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Margaret enjoys a wide variety of fiction and non-fiction but is particularly well read in natural history. While Webster Enterprises has lured her away from her old job at the bookstore she still helps out (with this web site for instance) and we still claim her as part of our family. Here are some of her recent and all time favorite books.
Webster Enterprises of Jackson County, Inc. is a private, non-profit, corporation that provides vocational assessment and evaluation, work adjustment training, and supportive services to any eligible individual who has a disability that creates a substantial barrier to employment. The goal of Webster Enterprises is to provide services that will help participants develop transferable skills, attitudes and behaviors to enhance their vocational potential and ability to be successful in their employment objectives.
In 1978 Ivan Doig published This House of Sky, a magnificently written book telling of growing up in rugged mountain wilderness in the 1940s. He was a boy of six when his mother died and his father and grandmother struggled to become a family for him. As Doig says, ?Wounded hard, they go off to their private ways. Until at last the wifeless man offers across to the daughter-robbed woman. And I am the agreed barter between them.? Doig thought, with the satisfaction of 150,000 readers, that the story had been told. But then he discovered his mother?s letters from the end of the war years. Out of her narrative come the resonances of heart and earth. This book, Heart Earth, was published in 1993. So now, enjoy both of these books from a writer who really proves the power of language.
I have been an avid fan of the writings of Rick Bass since reading his first nonfiction book, Winter. Colter proved to be a heart-arming story of a man and his dog.
Colter is a German shorthair puppy who is the litter runt whom nobody else wanted. As they start bird hunting and training together in the mountains of Montana, Bass is awed by Colter?s intelligence, physical stamina, and superb hunting instinct. The strength of this book lies in its simplicity. Rick Bass can take a reader from laughter to tears with vivid descriptions and words that come straight from his heart and soul.
Even though I know nothing about hunting with a dog, the connection and relationship between Bass and Colter is recognizable to any animal lover. This story about a loyal and loving friendship is unforgettable!
North Carolina author Robert Inman has just seen his fourth novel published, entitled Captain Saturday. I have enjoyed all of his other novels very much, and this one was just as warmly humorous, fun, and entertaining as the others (Home Fires Burning, Old Dogs and Children, and Dairy Queen Days). In Captain Saturday, Will Baggett, has been the celebrity TV weatherman in Raleigh for 20 years. In a series of events, Will?s comfortable, job-centered, well- planned life drastically unravels, as he loses his job, serves jail time, and retreats to his childhood home, where he must confront his past and get reacquainted with some eccentric family members. At home, too, Will must deal with changes in his relationship with his wife and son. These characters are great fun to know, and the ending was just what I was hoping for!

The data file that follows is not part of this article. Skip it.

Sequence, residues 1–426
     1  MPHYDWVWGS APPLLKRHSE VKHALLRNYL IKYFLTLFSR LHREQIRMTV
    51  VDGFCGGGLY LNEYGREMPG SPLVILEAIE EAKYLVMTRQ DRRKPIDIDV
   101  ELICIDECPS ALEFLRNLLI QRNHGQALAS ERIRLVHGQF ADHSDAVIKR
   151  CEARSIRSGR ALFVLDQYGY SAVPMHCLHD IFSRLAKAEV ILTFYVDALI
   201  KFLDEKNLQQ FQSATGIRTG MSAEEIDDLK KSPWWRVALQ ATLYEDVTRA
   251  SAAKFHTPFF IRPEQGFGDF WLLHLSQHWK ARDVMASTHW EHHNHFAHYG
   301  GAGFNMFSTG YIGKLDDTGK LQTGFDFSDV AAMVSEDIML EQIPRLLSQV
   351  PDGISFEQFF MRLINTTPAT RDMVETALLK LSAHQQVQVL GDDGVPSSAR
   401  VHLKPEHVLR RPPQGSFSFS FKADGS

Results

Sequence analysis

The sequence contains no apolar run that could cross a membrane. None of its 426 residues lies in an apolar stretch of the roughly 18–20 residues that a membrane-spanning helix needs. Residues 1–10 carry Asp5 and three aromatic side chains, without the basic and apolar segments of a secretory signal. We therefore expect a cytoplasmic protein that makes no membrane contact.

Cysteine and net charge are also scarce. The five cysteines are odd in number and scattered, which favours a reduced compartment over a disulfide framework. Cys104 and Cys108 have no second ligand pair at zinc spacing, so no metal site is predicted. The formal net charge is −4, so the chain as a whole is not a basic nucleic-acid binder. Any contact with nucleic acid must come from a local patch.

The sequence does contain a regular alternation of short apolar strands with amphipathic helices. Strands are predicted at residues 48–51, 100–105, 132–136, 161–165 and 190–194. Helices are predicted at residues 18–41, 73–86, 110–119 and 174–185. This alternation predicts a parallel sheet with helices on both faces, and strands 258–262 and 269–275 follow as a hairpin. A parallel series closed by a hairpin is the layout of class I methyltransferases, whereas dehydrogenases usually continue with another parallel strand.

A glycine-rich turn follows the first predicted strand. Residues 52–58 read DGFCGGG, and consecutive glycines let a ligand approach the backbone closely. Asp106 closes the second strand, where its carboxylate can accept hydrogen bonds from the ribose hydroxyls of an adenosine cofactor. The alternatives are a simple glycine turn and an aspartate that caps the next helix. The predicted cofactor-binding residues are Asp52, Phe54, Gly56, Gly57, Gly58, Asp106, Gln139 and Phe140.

Everything you want to know about bird identification, by contemporary wildlife painter David Sibley. The book includes more than 6,600 illustrations, with nearly every species shown both in flight and at rest. Each species also has complete voice descriptions. Maps of distribution for each species are included for summer and winter ranges, migration routes, and even rare occurrences. - Peggy & Margaret Spilker
In this beautiful book, Julie Zickefoose presents short essays describing her many interactions with nature on her rural property in southeastern Ohio. Zickefoose arranges her essays according to the four seasons and includes her own watercolors and field sketches. The author contributes a monthly commentary to NPR and also to Birdwatcher's Digest. She has published more than 40 of her articles and 17 cover paintings. This nature journal is well written, with humor and wsdom, an is enhanced by her wonderful watercolors.
-- Margaret Spilker
A brand new book by one's favorite author is always a cause of celebration, and I've hit the jackpot. The Zoookeeper's Wife: A War Story, by Diane Ackerman, is the true story of Jan Zabinski and his wife, Antonina, the zookeepers of the Warsaw Zoo in Poland. Together, during World War Two, they participate in the Polish resistance, share their love and respect for all creatures, and through incredible odds temporarily harbor hundreds of Jews amonth the bombed-out buildings of the zoo. These hidden people are then safely and silently sent on out to the rest of their lives. Like the next book on my "recommended" list (The Snoring Bird, by Bernd Heinrich), this book taught me world history while examining the human need to be a part of the natural world and told the personal stories of the strength and complexity of the human spirit.
This is the true story of Heinrich's father and family as they live and die through both World Wars and the incredible circumstances that brought them to live in America. Bernd Heinrich is professor of emeritus of biology at the University of Vermont.
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